South of Teneguía , the Cumbre continues below sea level. Submarine volcanism shows that the most active part of the Cumbre is still in the sea.
Possible risk of tsunami
During the eruption of the San Juan volcano in 1949, a two-kilometer-long crack formed in the mountain flank, and the western half of the Cumbre slid a few meters towards the west coast. Some geologists fear that in a further eruption, rising magma could penetrate into water-bearing rock layers of the cumbre. Explosive evaporation of the water could make the mountainside unstable. As a result, up to 500 billion tons of rock could slip into the sea. Such a massive landslide would trigger a megatsunami in the Atlantic .
According to studies by the Technical University of Delft , such a landslide is unlikely in the next 10,000 years, since the Cumbre is not yet high and not steep enough. A flank slide would only be possible at all if extremes collide, such as very heavy rain with an extraordinarily strong volcanic eruption at the same time. Calculations by the university state that forces of up to 28 trillion Newtons would have to act.
Outbreak on September 19, 2021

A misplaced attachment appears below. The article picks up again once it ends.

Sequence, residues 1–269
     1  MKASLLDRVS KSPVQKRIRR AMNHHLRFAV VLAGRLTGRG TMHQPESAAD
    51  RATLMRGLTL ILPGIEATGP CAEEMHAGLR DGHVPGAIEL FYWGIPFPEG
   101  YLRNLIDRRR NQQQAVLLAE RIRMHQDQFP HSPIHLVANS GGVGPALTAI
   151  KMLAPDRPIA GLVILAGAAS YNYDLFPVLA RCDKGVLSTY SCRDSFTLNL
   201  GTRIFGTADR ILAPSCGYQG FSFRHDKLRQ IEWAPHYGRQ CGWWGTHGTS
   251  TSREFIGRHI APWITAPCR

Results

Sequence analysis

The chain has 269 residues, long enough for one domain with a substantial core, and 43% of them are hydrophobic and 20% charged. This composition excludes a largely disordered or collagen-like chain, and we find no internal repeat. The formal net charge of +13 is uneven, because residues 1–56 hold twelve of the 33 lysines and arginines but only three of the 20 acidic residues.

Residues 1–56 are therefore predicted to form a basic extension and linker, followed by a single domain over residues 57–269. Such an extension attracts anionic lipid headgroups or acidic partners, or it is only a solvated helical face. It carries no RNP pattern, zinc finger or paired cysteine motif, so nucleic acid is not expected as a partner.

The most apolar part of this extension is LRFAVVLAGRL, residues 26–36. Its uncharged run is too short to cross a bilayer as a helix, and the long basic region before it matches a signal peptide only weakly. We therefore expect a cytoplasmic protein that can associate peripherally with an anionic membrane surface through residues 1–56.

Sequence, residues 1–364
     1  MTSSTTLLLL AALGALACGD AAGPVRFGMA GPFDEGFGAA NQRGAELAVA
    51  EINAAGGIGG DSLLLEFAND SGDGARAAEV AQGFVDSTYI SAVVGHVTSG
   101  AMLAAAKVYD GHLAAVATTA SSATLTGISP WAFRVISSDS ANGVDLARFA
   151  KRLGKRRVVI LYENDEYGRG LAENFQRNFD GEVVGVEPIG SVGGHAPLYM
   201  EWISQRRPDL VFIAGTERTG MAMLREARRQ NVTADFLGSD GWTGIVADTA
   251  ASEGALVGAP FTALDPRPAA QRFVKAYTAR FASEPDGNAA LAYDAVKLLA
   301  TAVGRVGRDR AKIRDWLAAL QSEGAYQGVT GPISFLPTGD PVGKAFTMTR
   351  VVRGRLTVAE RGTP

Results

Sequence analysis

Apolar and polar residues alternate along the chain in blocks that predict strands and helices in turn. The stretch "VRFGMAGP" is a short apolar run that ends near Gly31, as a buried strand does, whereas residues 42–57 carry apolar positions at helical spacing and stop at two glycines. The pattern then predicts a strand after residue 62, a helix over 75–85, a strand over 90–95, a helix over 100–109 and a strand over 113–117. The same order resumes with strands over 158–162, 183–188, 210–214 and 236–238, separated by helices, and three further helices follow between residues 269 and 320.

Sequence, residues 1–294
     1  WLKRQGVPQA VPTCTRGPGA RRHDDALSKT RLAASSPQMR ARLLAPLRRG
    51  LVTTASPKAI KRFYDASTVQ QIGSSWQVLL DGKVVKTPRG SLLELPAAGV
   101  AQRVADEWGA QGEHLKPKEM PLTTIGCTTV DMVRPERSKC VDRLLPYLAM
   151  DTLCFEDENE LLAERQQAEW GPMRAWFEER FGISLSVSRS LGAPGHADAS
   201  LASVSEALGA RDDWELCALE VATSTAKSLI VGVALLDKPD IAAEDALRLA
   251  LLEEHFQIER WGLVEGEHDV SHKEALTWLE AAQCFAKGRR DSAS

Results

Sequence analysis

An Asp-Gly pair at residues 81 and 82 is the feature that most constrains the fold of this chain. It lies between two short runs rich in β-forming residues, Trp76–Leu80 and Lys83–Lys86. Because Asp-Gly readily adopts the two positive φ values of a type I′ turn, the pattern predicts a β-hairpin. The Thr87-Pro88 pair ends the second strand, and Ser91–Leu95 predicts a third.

An intense swarm of earthquakes occurred in September 2021 , which was interpreted as an indication of a possible outbreak. Authorities set the warning level to yellow and instructed residents in the south of Palma to prepare for an eventual evacuation. The volcano erupted on September 19 at 4:12 p.m. CEST above Las Manchas . Six cracks initially formed and lava fountains could be seen. After an hour, an ash cloud formed above the first eruption point, which reached a height of 1,500 meters. Several lava flows rolled through the lightly forested area towards the Atlantic. Before that, the tremor had risen sharply; in the morning there was a magnitude 3.8 earthquake. After the outbreak, the authorities set the warning level to red and began evacuating the endangered areas.